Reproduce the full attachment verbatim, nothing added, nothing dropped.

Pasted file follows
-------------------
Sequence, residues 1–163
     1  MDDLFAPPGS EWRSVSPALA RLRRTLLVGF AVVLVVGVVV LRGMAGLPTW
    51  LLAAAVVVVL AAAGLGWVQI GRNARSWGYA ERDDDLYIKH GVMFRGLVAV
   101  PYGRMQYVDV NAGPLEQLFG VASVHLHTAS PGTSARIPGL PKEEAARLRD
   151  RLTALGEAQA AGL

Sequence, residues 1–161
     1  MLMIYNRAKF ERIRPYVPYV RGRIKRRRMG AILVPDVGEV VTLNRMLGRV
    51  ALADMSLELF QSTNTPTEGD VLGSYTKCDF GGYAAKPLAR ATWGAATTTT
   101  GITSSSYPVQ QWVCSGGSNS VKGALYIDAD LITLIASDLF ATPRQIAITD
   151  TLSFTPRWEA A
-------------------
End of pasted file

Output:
Sequence, residues 1–163
     1  MDDLFAPPGS EWRSVSPALA RLRRTLLVGF AVVLVVGVVV LRGMAGLPTW
    51  LLAAAVVVVL AAAGLGWVQI GRNARSWGYA ERDDDLYIKH GVMFRGLVAV
   101  PYGRMQYVDV NAGPLEQLFG VASVHLHTAS PGTSARIPGL PKEEAARLRD
   151  RLTALGEAQA AGL

Sequence, residues 1–161
     1  MLMIYNRAKF ERIRPYVPYV RGRIKRRRMG AILVPDVGEV VTLNRMLGRV
    51  ALADMSLELF QSTNTPTEGD VLGSYTKCDF GGYAAKPLAR ATWGAATTTT
   101  GITSSSYPVQ QWVCSGGSNS VKGALYIDAD LITLIASDLF ATPRQIAITD
   151  TLSFTPRWEA A